• House Republicans propose federal high-risk pool in bid to jump-start Obamacare replacement bill (CNBC)   House Republican leaders, looking to jump-start their floundering effort to repeal and replace Obamacare, on Thursday said they were proposing creating a $15 billion federal high-risk pool that would provide insurance coverage to Americans with pre-existing and often serious health issues.  Speaker Paul Ryan said the provision would "lower premiums" for other, healthier people who buy individual health plans by shifting the risk of covering higher health-care users to the federal risk pool.  Econintersect:  We await analysis of just how significant $15 billion would be.  That is much less than 1% of total annual health costs (approximately 0.5%).  See next article for some perspectives.

  • High-Risk Pools For Uninsurable Individuals (Kaiser Family Foundation)  In the U.S. and other developed nations, population health care spending is highly concentrated:  in any given year, the healthiest 50% of the population accounts for less than 3% of total health care expenditures, while the sickest 10% account for nearly two-thirds of population health spending (Figure 1).  Referring to the preceding article, this article does not address specifically the medical costs for all people with pre-existing conditions or the potential costs for all uninsured people with prexisting conditions.  But, using numbers from the excerpts from this article (below) and sources elsewhere (linked below) we offer this speculation (concluding that $15 billion per year is probably more than 3X lower than needed, possibly even much more than that):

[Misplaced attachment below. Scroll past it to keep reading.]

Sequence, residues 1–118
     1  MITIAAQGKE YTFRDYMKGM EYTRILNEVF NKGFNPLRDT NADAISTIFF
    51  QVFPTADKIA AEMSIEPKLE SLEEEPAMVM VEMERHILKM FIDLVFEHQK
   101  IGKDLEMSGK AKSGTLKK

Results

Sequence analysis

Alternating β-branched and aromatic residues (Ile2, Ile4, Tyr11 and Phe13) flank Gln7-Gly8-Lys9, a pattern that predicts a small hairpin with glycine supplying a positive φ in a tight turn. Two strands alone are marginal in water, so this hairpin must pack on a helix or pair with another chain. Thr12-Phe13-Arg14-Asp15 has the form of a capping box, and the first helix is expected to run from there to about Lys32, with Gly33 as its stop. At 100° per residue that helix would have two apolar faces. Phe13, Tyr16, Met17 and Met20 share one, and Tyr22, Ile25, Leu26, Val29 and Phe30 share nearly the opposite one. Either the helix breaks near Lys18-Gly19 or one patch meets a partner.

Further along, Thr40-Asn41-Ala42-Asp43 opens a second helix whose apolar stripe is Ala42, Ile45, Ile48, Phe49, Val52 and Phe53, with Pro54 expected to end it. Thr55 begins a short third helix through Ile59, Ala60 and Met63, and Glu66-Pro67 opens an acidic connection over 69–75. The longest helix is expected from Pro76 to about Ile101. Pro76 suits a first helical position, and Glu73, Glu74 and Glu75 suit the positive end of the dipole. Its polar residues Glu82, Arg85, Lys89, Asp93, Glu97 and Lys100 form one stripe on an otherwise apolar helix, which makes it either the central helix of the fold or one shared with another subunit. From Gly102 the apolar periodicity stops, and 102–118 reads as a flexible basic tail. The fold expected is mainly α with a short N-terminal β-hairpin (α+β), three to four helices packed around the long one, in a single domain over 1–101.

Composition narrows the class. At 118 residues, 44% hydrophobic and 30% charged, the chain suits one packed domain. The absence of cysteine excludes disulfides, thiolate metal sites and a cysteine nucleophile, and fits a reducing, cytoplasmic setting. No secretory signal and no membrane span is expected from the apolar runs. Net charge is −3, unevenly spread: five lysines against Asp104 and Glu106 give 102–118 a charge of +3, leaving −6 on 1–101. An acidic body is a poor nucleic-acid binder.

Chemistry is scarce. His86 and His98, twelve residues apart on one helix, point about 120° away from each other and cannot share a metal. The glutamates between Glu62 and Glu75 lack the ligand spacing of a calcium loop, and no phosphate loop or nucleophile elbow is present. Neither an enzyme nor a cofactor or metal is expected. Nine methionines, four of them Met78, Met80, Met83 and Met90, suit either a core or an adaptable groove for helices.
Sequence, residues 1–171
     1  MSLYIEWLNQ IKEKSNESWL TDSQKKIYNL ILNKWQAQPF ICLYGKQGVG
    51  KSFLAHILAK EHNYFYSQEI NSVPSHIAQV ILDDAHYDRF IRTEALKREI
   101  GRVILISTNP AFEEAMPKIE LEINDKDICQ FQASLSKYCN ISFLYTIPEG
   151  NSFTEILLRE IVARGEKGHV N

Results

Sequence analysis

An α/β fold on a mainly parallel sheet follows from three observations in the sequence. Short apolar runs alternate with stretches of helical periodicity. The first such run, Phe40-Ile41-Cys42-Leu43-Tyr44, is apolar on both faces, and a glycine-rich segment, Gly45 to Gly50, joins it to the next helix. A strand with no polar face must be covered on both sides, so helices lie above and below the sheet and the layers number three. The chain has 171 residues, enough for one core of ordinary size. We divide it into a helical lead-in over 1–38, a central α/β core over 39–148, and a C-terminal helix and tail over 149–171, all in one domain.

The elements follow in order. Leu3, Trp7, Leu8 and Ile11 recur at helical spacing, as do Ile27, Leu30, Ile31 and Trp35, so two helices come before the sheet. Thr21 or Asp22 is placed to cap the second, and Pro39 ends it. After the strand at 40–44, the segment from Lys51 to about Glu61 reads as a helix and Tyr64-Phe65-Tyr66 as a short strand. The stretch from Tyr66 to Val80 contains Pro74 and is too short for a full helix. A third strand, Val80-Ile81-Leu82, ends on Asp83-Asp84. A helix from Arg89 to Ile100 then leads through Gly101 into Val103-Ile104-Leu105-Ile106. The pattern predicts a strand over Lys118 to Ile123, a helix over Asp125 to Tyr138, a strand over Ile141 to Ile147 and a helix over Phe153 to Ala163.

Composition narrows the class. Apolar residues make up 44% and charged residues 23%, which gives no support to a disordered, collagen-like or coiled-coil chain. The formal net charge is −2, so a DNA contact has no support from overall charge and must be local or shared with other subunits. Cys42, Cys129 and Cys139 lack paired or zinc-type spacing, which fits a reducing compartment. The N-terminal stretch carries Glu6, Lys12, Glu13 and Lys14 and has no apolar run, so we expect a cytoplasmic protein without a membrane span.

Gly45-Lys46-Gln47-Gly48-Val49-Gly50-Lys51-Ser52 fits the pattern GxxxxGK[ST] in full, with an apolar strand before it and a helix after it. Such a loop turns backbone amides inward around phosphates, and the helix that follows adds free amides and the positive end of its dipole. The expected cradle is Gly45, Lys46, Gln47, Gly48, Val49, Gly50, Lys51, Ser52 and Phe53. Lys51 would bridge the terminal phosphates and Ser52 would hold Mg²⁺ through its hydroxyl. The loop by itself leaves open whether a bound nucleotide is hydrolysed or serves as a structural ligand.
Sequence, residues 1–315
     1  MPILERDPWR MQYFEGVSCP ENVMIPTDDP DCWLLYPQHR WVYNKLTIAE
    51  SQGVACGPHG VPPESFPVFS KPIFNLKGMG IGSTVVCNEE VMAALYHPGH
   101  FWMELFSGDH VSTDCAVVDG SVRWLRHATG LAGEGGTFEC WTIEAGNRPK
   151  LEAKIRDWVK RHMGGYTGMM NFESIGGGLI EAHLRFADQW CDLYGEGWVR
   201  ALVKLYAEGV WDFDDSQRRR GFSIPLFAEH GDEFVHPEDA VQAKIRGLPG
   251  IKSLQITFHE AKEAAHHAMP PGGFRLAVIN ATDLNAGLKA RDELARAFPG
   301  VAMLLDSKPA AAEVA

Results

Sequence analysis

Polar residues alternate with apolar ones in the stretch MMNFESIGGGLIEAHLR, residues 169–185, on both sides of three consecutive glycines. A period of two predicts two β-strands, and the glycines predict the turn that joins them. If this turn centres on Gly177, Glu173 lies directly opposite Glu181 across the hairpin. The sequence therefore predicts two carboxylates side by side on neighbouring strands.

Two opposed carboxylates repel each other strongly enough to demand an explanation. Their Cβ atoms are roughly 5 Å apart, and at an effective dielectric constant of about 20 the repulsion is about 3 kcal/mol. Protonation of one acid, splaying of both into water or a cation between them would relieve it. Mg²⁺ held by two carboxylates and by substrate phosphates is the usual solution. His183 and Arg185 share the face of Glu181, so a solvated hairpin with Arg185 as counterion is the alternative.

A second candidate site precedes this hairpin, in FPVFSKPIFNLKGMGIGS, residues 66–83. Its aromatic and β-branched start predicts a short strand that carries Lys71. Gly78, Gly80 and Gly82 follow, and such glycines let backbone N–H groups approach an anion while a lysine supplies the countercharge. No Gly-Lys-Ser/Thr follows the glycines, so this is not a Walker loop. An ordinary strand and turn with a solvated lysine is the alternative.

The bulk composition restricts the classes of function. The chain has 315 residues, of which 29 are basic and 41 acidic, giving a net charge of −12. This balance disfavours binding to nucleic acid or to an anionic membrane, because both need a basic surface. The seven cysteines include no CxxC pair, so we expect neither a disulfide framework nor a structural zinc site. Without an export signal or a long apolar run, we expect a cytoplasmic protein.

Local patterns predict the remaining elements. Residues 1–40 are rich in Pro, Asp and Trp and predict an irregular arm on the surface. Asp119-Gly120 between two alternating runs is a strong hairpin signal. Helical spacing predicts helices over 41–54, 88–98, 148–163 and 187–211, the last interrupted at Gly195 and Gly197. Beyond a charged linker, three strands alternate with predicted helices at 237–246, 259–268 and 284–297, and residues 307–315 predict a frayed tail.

From this Kaiser Foundation article:

    Who is included in the high-cost and low-cost groups changes from year to year.  Most people are healthy most of the time, but illness and injury can and do onset unexpectedly for millions of people.  Some high-cost conditions, such as hemophilia or HIV, persist and require treatment for extended periods, even a lifetime.  Other high-cost conditions may improve or resolve, allowing patients to return to low annual health care spending.  In any given year, among the 50% least expensive people in a year, 73% will remain in that group for a second year; similarly, of people who are among the most expensive 10% of the population in one year, only 45% would still be in that group the following year.

     A Kaiser Family Foundation study found that 27% of adults under the age of 65 have health conditions that, prior to the ACA,  would have rendered them uninsurable if they had sought coverage in the non-group market.

Click for larger image.


  • Tillerson: Steps Underway to Boot Assad (The Daily Beast) Secretary of State Rex Tillerson on Thursday said that steps are already underway for organizing an international coalition to remove Syrian President Bashar al-Assad after the regime used a chemical attack on civilians. Asked whether Assad has to be removed from power, Tillerson told the press that